School systems lobby for more building money

Carroll officials ask state for $7.3 million for work

Renovations, classrooms planned

Requests exceed budget for construction funding

Carroll County

January 29, 2004|By Jennifer McMenamin and Sara Neufeld | Jennifer McMenamin and Sara Neufeld,SUN STAFF

Flanked by county executives, legislators and community supporters, Maryland's school superintendents put their best faces forward yesterday as they asked the Board of Public Works for hundreds of million of dollars more in school construction money than the state has this year.

At the annual hearing that has become known as the "beg-a-thon," Baltimore County alone requested nearly all of the $26.1 million of school construction and renovation money that has yet to be distributed statewide this year. Howard County asked for nearly twice that, with a $48 million request.

Sen. Larry E. Haines, chairman of Carroll's all-Republican legislative delegation, used a Biblical story about a beggar constantly seeking leftovers from a wealthy landowner to illustrate the unenviable position of anyone pleading a case before state officials yesterday.

"I don't think anybody came in here today just looking for crumbs from the rich man's table," Haines told the board. "We desperately need reimbursement for Winters Mill High School."

Having received approval for three of the five requests on their school construction and renovation list this year, Carroll County officials asked for an additional $7.3 million yesterday. That request included nearly $4.5 million in reimbursement for the county's costs in the construction of Winters Mill, the $34 million school that opened just outside Westminster in August 2002, and $2.8 million to overhaul the heating, ventilation and air-conditioning system at Westminster's West Middle School.

"It's one of four or five schools in Carroll County that's not air-conditioned yet," schools Superintendent Charles I. Ecker told the board. He added that the middle school was among the buildings deemed inadequate during the state's recent survey of nearly every public school in Maryland.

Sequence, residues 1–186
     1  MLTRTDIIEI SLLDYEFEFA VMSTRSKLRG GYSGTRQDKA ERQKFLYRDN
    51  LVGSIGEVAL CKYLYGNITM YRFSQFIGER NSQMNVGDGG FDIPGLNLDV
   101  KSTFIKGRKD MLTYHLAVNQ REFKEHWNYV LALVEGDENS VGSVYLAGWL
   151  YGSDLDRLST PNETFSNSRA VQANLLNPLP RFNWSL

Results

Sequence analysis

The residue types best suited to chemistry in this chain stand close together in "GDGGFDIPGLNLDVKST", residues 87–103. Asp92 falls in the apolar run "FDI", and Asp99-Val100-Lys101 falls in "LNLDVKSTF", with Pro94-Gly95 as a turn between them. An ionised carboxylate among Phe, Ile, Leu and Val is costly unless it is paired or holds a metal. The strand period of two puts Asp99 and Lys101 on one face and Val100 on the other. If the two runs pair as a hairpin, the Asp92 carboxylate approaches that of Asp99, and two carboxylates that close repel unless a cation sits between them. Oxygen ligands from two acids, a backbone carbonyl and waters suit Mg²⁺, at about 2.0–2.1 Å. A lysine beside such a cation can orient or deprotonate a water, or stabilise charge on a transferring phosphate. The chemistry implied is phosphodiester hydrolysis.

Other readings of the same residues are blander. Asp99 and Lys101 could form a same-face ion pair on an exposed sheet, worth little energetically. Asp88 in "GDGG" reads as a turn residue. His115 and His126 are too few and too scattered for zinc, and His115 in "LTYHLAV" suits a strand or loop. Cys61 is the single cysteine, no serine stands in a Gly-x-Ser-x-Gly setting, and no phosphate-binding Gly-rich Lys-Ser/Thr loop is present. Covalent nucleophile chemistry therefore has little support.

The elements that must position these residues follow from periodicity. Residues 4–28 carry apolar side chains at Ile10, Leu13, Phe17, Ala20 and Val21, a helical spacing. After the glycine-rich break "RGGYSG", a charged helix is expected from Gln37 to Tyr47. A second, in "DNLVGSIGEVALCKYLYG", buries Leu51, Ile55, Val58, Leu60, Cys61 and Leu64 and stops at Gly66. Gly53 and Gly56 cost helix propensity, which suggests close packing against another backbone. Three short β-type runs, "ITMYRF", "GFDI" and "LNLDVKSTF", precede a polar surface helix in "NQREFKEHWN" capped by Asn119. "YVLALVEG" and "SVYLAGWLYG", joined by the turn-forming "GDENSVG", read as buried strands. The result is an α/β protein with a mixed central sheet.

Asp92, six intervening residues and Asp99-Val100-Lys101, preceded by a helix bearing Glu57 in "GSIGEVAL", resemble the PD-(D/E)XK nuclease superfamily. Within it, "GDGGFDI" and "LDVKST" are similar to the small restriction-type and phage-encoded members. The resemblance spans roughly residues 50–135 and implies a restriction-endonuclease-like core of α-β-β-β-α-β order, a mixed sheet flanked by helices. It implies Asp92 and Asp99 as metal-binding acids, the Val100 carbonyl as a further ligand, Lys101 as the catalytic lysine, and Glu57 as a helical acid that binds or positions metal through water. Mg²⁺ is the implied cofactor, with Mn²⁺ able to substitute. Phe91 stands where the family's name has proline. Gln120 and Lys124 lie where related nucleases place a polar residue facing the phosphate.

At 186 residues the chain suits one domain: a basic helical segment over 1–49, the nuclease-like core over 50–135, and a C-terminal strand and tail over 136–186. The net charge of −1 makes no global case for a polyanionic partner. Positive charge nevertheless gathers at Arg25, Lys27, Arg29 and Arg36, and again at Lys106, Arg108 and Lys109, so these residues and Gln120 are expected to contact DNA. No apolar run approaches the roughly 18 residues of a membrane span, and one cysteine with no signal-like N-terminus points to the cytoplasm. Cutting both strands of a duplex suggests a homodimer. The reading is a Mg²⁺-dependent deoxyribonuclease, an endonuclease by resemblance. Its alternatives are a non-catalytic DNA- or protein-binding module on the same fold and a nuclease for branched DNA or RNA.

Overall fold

Carroll County has received approval for nearly $4 million worth of projects this year, including about $3 million toward construction of the $14.5 million Parr's Ridge Elementary in Mount Airy and $1 million toward the $18.2 million renovation of North Carroll Middle near Hampstead.

The $3 million allocation would be the second installment in the state's share of the cost of building Parr's Ridge.

The $1 million award for North Carroll Middle would supplement $5 million allocated by the board over the past two years toward the modernization of the 48-year-old school, where renovation work is scheduled to get under way this week.

State school planners also have approved this year Carroll County's plan to build new kindergarten classrooms, which would provide space needed to implement the state requirement that all kindergartners be enrolled in full-day programs by the 2007-2008 school year. The county has not yet asked the state for money to build the additional rooms.

Statewide, Maryland's 24 school systems requested a total of $378 million for 304 projects. The state has $101.6 million available. Of that, state officials have divvied up $75.5 million, leaving counties to compete for what's left.

Gov. Robert L. Ehrlich Jr., Comptroller William Donald Schaefer and Treasurer Nancy K. Kopp -- the trio who sit on the Board of Public Works -- will decide how to distribute the remaining money this spring, after the state's capital budget has been approved.

Money could be added to or subtracted from the remaining $26.1 million, but state officials said more money is unlikely. School system officials are hoping for additions.

"Obviously, the needs exceed the available resources," said state schools chief Nancy S. Grasmick. "There are many more requests than could be accommodated."

Grasmick added, however, that school systems did a good job prioritizing their requests.

Anne Arundel County, which has received a commitment of about $4 million -- a fifth of what school officials requested -- asked yesterday for $16 million more. Baltimore asked for $12.6 million in addition to the $7.7 million the state already has committed. Baltimore County requested $25.5 million on top of the $5.2 million approved. Harford County asked for $5 million beyond the $1.6 million granted. And Howard County requested $48.3 million in addition to the $4.3 million already earmarked.

Haines, chairman of Carroll's legislative delegation, emphasized his appreciation for the approval of Carroll projects this year.

"I think we have a governor who is very sensitive to Carroll County's needs," he said. "It's a whole new era in Annapolis, especially for Carroll County."

Sun staff writers Tricia Bishop, Laura Loh, Ted Shelsby, Tanika White and Kimberly A.C. Wilson contributed to this article.

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